The Upper Benue Trough, like other areas within the tropical and semi-arid regions, is generally covered with thick soil cover in most places. This thick soil cover conceals the rocks outcrops, thereby hampering mineral prospecting in the region. Fortunately, termite mounds of different sizes and shapes are well distributed in the region   forming   the   most  conspicuous  feature  of  the landscape. Most mounds have the shapes of inverted cone with rounded to sub-rounded base ranging in diameter from 0.8 m to over 3.1 m. The heights also vary between about 1 and 2.8 m.

Termites often build mounds with large quantities of earth materials sampled at different depths from sub-surface geological  formations (Burges  and  Raw,  1967). These components of the regolith are mostly brought up from the water table as the termites need the water to maintain high humidity. As a result, the materials commonly contain dissolved minerals and water. Consequently, when the termite mounds are properly sampled and subjected to trace elements determination, geochemical halos which may be related to concealed mineralization are easily detected.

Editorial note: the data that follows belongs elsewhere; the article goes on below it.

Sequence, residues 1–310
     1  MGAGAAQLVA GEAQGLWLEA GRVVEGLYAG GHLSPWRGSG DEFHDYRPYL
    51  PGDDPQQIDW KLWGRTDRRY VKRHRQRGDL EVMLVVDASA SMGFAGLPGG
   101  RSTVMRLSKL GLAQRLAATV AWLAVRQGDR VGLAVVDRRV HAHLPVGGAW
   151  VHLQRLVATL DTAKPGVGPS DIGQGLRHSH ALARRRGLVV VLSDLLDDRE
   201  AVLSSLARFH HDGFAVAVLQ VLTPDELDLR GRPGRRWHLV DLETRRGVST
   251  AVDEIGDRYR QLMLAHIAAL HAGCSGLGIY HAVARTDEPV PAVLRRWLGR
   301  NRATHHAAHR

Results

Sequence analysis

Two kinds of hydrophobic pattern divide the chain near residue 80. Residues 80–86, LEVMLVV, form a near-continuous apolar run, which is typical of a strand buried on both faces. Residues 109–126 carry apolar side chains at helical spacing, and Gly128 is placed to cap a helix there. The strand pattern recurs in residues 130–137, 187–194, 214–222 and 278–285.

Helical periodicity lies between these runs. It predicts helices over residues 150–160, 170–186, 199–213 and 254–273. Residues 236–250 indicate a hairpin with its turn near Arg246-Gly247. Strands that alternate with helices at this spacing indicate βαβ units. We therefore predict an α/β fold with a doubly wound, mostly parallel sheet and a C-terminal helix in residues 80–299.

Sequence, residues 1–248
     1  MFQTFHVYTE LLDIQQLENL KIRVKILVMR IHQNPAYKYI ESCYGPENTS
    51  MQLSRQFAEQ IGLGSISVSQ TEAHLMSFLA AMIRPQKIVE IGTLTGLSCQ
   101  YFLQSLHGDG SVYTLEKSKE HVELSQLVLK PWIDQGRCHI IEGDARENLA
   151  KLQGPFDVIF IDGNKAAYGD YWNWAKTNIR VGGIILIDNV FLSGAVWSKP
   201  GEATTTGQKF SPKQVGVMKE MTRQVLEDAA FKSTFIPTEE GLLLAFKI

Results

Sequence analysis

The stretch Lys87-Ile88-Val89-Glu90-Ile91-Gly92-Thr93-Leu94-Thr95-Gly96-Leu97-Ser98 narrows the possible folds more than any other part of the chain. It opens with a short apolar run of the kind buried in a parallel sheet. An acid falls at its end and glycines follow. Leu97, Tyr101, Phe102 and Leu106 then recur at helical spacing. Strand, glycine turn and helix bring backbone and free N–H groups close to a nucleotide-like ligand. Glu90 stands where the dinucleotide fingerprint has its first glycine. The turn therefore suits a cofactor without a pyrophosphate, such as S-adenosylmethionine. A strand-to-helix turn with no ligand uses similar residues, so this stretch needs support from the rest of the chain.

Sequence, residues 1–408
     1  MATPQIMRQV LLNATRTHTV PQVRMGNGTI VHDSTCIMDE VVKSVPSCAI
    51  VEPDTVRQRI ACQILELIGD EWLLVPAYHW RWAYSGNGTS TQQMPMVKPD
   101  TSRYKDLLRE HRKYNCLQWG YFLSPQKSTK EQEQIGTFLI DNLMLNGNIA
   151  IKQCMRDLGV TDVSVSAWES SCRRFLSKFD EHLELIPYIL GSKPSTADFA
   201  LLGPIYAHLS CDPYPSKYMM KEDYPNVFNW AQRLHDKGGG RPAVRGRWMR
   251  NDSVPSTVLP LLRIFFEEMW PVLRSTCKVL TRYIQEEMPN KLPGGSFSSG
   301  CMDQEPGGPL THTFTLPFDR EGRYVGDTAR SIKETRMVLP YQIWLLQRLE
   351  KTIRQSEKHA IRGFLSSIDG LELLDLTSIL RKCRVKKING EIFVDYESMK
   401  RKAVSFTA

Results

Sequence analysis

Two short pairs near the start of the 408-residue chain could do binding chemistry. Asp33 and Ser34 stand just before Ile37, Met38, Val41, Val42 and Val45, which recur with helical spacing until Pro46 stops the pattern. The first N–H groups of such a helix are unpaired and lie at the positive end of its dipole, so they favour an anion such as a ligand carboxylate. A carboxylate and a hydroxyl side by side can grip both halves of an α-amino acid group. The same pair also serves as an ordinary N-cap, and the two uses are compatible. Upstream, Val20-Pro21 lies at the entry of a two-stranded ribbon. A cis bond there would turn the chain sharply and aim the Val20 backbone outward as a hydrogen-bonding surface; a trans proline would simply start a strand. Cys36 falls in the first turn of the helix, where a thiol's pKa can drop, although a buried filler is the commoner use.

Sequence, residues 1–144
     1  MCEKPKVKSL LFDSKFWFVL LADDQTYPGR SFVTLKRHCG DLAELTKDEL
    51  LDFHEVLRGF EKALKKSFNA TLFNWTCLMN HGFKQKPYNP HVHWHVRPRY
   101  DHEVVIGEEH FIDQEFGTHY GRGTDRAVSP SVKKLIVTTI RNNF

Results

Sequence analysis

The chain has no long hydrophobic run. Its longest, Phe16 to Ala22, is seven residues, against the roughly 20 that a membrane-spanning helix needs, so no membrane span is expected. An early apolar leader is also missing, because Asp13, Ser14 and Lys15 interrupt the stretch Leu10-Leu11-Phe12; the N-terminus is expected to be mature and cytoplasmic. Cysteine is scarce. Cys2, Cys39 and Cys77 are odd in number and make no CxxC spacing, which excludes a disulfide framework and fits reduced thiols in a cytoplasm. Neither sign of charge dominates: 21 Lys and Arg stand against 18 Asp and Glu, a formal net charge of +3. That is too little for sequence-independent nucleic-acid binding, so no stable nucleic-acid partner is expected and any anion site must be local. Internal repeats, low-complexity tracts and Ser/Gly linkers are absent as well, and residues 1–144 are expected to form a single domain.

Extensive literatures exist on termite mounds and their structures in the aspects of agriculture (Black and Okwakol, 1997), biology (Jungerius et al., 1999) and paleoclimate (Genise, 1997) (Nagaraju et al., 2012). However, studies on their geological aspect remain scarce and almost limited to India where termite mounds have been utilized in exploration for certain minerals. Notable amongst them are the works of Prasad et al. (1987) which analyzed the significance of termite mounds in gold exploration; Raghu (2007) in a study conducted around Vemula Mine, Kadapa District, India, described termite mound as a bioindicator for the exploration of barite; Chandrasekhar et al. (2012) studied the Physico-chemical characteristics of termite mounds using Byrapur Chromite mining area, Karnataka, as a case study; and Watson (1970) examined the contribution of termites to the development of Zinc anomalies in Kalahari sand. These studies have come out with beautiful conclusions about the use of termite mounds in exploration for certain minerals. However, the conclusions may only hold true for the minerals in question and their locations of studies. This is because most exploration models are commonly dependent on environment of application and the mineral commodity in question; meaning an exploration model that works for one mineral in a particular area may not be directly applicable (without modification) to another mineral in a different environment. The present study sampled and analyzed soils from termite mounds and adjoining surfaces (unaffected by termites) of Yolo mining district in an attempt to test their applicability in the exploration of sediment-hosted Pb-Zn deposits in the Upper Benue Trough.